Renae Vander Schaaf

A person would have to be blind to not know that a special day is coming. While most decorations are placed in prominent locations to be seen; some of these visual signs can be found in unusual places. In my farmhouse, one will find one of these indicators in an almost-unused bathroom.

“Why there?” is a perfectly logical question. Well, let me tell you. I have this Schlumbergera Cactaceae from my mother-in-law. Of course she called it a Christmas cactus. It’s a beautiful plant — especially when it is blooming (which her plant always did). She was more than willing to share a start of it with me.

Well, this plant she thought was so simple anyone could grow has given me fits through the years. My children started new plants from it and would you believe they bloomed? Every year, right on time. Sometimes I think my children were able to trick it into blooming more than once a year as a hint that Christmas should be celebrated more often.

With all the changes in people who live in this house this year, oh … that census taker just loved us. Because depending on the day, it may be one or eight or more — who could keep count? But one day, all the plants in this upstairs bathroom disappeared.

Winter’s cold temperatures are detrimental to a houseplant’s health. When it came time this fall to find homes for all the plants, I had to get creative. Where to find new places for plants so my farmer wouldn’t realize my plant addiction?

For once my brain actually worked. Placing that cactus in the upstairs bathroom was pure genius. It has an east window and that is where my children always kept their cactus.  Sure enough, early this December the buds began appearing with just a bit of color. Now, pink fluorescent flowers are a marvelous sight to behold.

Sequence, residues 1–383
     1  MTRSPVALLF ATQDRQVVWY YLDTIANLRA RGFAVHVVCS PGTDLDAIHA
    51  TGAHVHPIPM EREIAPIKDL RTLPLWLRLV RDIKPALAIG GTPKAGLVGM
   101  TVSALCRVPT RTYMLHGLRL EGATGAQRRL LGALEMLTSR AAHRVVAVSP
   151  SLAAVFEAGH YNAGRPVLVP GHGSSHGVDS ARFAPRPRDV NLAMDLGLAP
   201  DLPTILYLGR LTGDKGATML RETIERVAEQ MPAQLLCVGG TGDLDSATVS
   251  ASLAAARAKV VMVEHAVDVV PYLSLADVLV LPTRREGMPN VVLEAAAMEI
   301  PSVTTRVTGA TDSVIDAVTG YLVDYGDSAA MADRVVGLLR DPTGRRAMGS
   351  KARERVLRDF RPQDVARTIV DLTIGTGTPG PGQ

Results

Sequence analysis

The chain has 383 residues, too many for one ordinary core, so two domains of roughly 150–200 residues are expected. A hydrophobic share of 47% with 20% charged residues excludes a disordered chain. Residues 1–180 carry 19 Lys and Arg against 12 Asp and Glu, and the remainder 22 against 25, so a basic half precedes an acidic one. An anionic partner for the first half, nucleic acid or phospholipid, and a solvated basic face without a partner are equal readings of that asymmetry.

Does that mean I am smart as my children? Or was their blooming success part of their bloodline? This is possible as this cactus which came from my mother in law, was given to her by her mother, who was given it by her mother. I am not sure how many mother and daughters have loved this cactus, but it is a great plenty.

My husband’s ancestors seem to have a passion for gardening that continues to this day. These roots go deep. (Ha! Ha! I just couldn’t resist typing that.)

But seriously, being an excellent gardener may have saved the life of one of his great (many greats) grandpas.  It seems that in the old country (the Netherlands) there were quite the social caste. Either you were upper class or down below somewhere. That’s where we fall in. Social mobility didn’t really happen.

Anyhow, this man (I think it was Jacob Cleveringa, because the family history notes indicate he was a gardener) was employed as a gardener for a family of the elite. It was his job to make the estate look beautiful with formal gardens and grow fruits and vegetables for everyone who dined at the castle’stable.

His master liked him because of the fresh strawberries which appeared on the table out of season. Jacob was very learned and adept in using a greenhouse.

Yet circumstances dictate he should have been fired.

Grandpa Cleveringa was a member of a church which had left the state church because they believed the Bible wasn’t being preached there. When the state church ministers preached Biblical untruths and wouldn’t listen to their objections, they seceded from their churches.

This gave way to persecution which included beatings, imprisonment, and loss of employment. If you owned a business, state church members were encouraged not to shop there. It was not good for these men and women who believed in Jesus Christ.

Because his employer liked his gardening skills — especially the berries — Grandpa Cleveringa remained on the job until he came to America. In the new land his gardening skills most likely were put to good use again to keep his own family from starvation.

Therefore, it has been easy for me to wonder if this Christmas cactus started with him; as I have seen it in many Cleveringa homes. When it blooms at Christmas, I am reminded of this grandpa who believed in the miracle of Christmas … that the Savior who is Jesus our Lord  was born to save us from our sins.

Isaiah 9:6 “For unto us a child is born, unto us a son is given: and the government shall be upon his shoulder: and his name shall be called Wonderful, Counsellor, The mighty God, The everlasting Father, The Prince of Peace.

Renae B. Vander Schaaf is an independent writer, author and speaker. Contact her at (605) 530-0017 or agripen@live.com.

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